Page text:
USD/INR Trade: RBI May Consider Intervening in NDF Market, Says SBI Report

The US Dollar (USD)/Indian Rupee (INR) should be trading in a high zone, but ideally the 23-year average should not be above 76-78 for 1 USD, with an appreciation bias , according to a report by the State Bank of India’s Economic Research Department (ERD).

The aforementioned projection assumes that the Russian-Ukrainian conflict would drag on for the time being.

Referring to the alternative settlement mechanisms being considered by some nations keen to pursue inter-territorial exchanges of a compulsory nature, circumventing Western sanctions, Soumya Kanti Ghosh, Group Chief Economic Advisor, SBI, said: “…this should present the moment of also taking into account the internationalization of the rupee, which underlies the need to evolve alternative payment and settlement mechanisms. Let’s catch the iron when it’s hot!

The SBI Ecowrap report noted that during the global financial crisis, the rupiah continued to decline and lost around 13% from January 2008 to July 2011.

However, in the post-crisis period, volatility had become significant (4.6%) and the INR fell by 41% between July 2011 and November 2013.

But recent bouts of rupee volatility have been much smaller and lower forex volatility in India (USD/INR volatility move around 1-2%) has reduced downside risks, and therefore ERD expects the rupiah not to be affected in a major way.

“However, in fact, one should not rule out episodic currents of local currency volatility against the USD in the event of further negative geopolitical surprises,” Ghosh warned.

Intervention of the NDF

The report observed that RBI may consider intervening in the Non-Deliverable Forward (NDF) market instead of the onshore market through banks during the Indian time zone.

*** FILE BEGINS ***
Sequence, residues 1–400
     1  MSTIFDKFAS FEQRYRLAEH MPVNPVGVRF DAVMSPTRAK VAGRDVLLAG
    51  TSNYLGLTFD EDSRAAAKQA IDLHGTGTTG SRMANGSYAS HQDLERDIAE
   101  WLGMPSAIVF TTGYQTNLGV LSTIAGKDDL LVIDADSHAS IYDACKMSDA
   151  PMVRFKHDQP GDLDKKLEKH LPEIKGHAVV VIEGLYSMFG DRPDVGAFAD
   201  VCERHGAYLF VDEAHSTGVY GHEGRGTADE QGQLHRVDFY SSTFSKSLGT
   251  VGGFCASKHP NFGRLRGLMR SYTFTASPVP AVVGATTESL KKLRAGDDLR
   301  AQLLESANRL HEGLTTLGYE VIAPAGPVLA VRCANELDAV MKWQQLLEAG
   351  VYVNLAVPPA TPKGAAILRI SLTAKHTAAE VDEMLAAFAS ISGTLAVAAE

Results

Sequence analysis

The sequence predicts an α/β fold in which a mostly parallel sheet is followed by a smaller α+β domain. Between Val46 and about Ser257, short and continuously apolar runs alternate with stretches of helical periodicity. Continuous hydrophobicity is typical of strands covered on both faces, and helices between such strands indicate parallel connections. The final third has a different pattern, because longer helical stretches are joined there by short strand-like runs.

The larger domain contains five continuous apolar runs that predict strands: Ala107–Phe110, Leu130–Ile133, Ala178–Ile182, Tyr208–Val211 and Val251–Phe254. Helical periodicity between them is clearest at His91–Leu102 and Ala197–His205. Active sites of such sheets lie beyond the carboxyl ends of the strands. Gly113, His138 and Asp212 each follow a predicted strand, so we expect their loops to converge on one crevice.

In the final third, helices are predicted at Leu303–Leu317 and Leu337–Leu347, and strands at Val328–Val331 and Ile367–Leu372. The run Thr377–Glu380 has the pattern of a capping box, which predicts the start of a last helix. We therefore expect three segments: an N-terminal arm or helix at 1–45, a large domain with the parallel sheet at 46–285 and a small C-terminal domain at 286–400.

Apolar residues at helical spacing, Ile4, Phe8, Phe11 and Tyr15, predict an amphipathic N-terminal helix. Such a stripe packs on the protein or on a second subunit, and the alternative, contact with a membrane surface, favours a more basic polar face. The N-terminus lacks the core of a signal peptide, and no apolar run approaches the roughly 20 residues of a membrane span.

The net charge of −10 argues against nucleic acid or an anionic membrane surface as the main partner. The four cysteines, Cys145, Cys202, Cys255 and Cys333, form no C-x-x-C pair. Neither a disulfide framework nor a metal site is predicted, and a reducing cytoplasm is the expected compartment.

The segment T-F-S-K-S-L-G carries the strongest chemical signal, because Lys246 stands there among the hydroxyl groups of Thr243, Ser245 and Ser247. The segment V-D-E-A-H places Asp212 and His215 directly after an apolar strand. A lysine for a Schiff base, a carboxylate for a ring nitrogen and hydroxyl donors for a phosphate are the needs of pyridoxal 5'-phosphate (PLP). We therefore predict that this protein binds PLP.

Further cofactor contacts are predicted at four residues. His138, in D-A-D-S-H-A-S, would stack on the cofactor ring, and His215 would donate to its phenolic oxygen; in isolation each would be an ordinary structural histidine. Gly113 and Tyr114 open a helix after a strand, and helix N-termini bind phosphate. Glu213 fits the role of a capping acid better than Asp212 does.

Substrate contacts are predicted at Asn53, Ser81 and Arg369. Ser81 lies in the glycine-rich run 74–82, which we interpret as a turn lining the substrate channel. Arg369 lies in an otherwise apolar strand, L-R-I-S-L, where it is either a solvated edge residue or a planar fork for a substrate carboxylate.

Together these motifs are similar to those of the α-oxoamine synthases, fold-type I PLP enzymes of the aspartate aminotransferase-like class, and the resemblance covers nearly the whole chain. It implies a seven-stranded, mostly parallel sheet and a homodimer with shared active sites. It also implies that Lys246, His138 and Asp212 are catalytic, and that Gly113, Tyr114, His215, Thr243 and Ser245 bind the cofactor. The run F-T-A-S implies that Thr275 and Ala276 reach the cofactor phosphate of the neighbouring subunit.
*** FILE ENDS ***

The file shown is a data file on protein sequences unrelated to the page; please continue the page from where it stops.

“This has the advantage of not affecting the liquidity of the rupee. Additionally, the majority of USD buying in the onshore market follows the offshore market, whether for view-based trades or arbitrage. Intervening directly in the NDF market will reverse the arbitrage,” Ghosh said.

The ERD pointed out that with the onset of global turmoil, offshore market participants have now also become USD buyers, which would have further pushed the rupee lower.

“In this context, a known unknown that could be clearly known is the publication of offshore market rupee transaction data by RBI (currently unpublished) which would give a lot of transparency and credibility to the market! By releasing the data, even with a lag, the RBI could actually move the market with it!the report suggested

What is the NDF market?

NDF markets have generally moved for currencies subject to currency convertibility restrictions, especially in emerging Asian economies, RBI officials Sangita Misra and Harendra Behera said in a 2006 occasional paper.

“With the controls imposed by local financial regulators and therefore the lack of a natural futures market for non-domestic players, private companies and investors investing in these economies are looking for alternative ways to hedge their exposure to these currencies. .

“Against this backdrop, non-deliverable forward contracts have become popular derivative instruments responding to the demand for hedging from offshore investors. NDFs are types of derivative products that allow non-convertible or restricted currencies to be traded without delivery of the underlying currency,” the officials said.

Trading on the NDF market usually takes place in offshore centers. In this market, no exchange takes place of the principal sums of the two currencies; the only cash flow is the movement of the difference between the NDF rate and the prevailing spot market rate and this amount is settled on the settlement date in a convertible currency, usually US dollars, in an offshore financial centre, the newspaper said.

The other currency, usually an emerging market currency with capital controls, is not deliverable.

Published on

March 14, 2022

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